A number of visitors associated with the RWC teams and international rugby organisations also came to the event. Based on Australian Rugby Union (ARU) information these include:
  • players and associated staff totalling almost 800 persons (42 per team with the Australian team excluded);
  • match officials totalling 25 from overseas; and
  • VIP overseas rugby guests totalling 250.

The ARU indicated that the majority of international visitors were from the United Kingdom and Europe. Table 21.24 provides a break down of international rugby tour visitors, media and corporate visitors. In terms of the corporate visitors, the ARU was of the view that the majority of these would be from the United Kingdom/Europe through the RWC commercial partners/sponsors.


21.24 INTERNATIONAL VISITORS, By origin

RegionKey countries
Rugby supporters
Media
Corporate
Total

United Kingdom/EuropeEngland, Ireland, Scotland, France, Italy and Wales
28,200
1,094
2,500
31,794
New Zealand/Asia Pacific(a)New Zealand, Japan, Fiji, Tonga, Hong Kong and Singapore
18,600
813
-
19,413
AfricaSouth Africa and Namibia
10,200
438
-
10,638
AmericasCanada , USA and Argentina
3,000
155
-
3,155
Total
(b)60,000
2,500
2,500
65,000

(a) Based on information provided by the Qantas and the ARU, visitors from New Zealand/Asia Pacific were estimated at approximately 15,000 and visitors from Japan, Hong Kong and Singapore 4,413.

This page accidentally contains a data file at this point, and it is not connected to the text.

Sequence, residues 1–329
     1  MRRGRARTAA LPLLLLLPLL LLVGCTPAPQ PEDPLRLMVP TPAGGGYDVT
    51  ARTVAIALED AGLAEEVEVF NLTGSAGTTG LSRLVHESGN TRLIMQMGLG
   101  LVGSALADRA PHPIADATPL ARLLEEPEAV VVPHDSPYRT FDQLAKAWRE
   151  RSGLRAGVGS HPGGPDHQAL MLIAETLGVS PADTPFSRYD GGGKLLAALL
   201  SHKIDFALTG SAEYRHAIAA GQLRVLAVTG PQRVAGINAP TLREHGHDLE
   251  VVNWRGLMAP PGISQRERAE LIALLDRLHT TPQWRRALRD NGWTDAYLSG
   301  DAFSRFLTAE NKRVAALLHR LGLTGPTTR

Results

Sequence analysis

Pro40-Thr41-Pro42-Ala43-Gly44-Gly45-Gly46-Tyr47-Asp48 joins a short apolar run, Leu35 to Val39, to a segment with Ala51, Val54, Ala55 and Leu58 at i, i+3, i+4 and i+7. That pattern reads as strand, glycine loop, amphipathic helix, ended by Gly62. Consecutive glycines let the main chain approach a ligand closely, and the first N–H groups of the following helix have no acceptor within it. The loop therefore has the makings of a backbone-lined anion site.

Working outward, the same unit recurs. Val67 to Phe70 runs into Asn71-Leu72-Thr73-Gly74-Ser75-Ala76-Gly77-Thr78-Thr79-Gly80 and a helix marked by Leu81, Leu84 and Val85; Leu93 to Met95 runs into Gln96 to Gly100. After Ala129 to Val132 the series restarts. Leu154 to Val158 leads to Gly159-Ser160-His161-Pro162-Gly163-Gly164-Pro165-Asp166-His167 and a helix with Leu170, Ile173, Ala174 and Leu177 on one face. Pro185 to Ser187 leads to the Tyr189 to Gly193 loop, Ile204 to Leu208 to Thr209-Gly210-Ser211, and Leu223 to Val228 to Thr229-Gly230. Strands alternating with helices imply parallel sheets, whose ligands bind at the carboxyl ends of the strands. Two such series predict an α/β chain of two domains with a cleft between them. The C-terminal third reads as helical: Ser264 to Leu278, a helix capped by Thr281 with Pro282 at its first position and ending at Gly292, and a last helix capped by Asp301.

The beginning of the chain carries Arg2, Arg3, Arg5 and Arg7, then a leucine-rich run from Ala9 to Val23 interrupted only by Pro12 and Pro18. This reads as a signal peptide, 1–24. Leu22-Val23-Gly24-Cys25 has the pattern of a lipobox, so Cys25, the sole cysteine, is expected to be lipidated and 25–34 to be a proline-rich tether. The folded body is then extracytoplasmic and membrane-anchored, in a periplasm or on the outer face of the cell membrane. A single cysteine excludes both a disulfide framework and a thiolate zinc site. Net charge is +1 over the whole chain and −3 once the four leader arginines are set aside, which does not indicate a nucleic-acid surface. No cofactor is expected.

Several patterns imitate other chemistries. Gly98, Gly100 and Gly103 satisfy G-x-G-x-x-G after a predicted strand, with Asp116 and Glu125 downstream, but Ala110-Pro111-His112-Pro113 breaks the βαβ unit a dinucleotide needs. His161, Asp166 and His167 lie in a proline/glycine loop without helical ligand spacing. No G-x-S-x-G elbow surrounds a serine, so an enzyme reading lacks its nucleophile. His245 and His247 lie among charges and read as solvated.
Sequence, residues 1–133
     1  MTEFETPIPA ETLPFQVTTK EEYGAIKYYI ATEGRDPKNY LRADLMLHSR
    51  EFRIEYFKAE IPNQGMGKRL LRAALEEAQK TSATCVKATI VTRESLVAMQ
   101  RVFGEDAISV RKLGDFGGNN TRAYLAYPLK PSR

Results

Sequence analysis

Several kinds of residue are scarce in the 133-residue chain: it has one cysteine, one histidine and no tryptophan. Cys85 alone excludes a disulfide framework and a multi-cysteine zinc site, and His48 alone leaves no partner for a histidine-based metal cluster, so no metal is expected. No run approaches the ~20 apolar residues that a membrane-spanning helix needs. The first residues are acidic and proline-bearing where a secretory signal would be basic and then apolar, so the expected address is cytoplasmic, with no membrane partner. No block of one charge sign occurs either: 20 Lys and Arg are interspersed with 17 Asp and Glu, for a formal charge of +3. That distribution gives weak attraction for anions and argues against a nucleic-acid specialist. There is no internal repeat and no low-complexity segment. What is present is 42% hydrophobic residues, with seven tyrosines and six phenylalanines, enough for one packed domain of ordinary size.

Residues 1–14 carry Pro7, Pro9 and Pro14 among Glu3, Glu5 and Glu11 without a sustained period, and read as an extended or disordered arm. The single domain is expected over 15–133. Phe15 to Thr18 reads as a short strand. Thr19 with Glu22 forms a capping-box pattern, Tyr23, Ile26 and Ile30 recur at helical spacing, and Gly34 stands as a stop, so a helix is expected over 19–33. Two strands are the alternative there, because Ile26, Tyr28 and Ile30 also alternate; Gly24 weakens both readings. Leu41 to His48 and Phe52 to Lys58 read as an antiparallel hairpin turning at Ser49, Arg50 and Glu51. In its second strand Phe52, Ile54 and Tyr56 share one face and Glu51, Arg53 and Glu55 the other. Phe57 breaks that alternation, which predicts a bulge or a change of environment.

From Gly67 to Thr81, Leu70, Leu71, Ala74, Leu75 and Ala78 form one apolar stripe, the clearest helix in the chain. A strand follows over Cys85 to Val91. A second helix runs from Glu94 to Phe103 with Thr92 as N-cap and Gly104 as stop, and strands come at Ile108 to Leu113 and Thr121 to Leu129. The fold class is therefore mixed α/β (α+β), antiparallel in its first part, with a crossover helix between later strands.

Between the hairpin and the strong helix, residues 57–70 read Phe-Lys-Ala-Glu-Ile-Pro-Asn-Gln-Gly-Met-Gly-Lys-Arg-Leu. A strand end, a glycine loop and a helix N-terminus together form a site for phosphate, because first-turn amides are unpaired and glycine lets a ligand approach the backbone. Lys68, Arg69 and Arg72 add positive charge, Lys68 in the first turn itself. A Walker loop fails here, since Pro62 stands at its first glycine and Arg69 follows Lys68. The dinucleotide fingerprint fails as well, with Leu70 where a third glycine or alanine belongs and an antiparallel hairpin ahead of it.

(b) Of the 60,000 rugby supporters, it was assumed that approximately 40,000 of these travelled to Australia via 'RWC packages' while the remaining 20,000 were able to obtain tickets from family and friends in Australia and to a lesser extent obtain flights and RWC tickets only.

Source: URS Finance and Economics 2004.


Expenditure of international visitors

Table 21.25 shows the average international expenditure data on a per trip basis including airfares and expenditure while in Australia by region. Visitors from United Kingdom/Europe were estimated to have the highest expenditure and the longest average length of stay of all visitors at $8,302 and 36 nights. Next highest were visitors from the Americas spending on average $6,741, Africa $6,260 and New Zealand/Asia Pacific $3,153. This provided for a total trip expenditure for all visitors of $400.4m.

Major spending items of international visitors tended to be accommodation, food and drink along with airfares, packaged tours and retail shopping.


21.25 AVERAGE TRIP EXPENDITURE BY INTERNATIONAL VISITORS(a)

Total visitors
Average expenditure per visit 2003
Average length of stay
Average total daily expenditure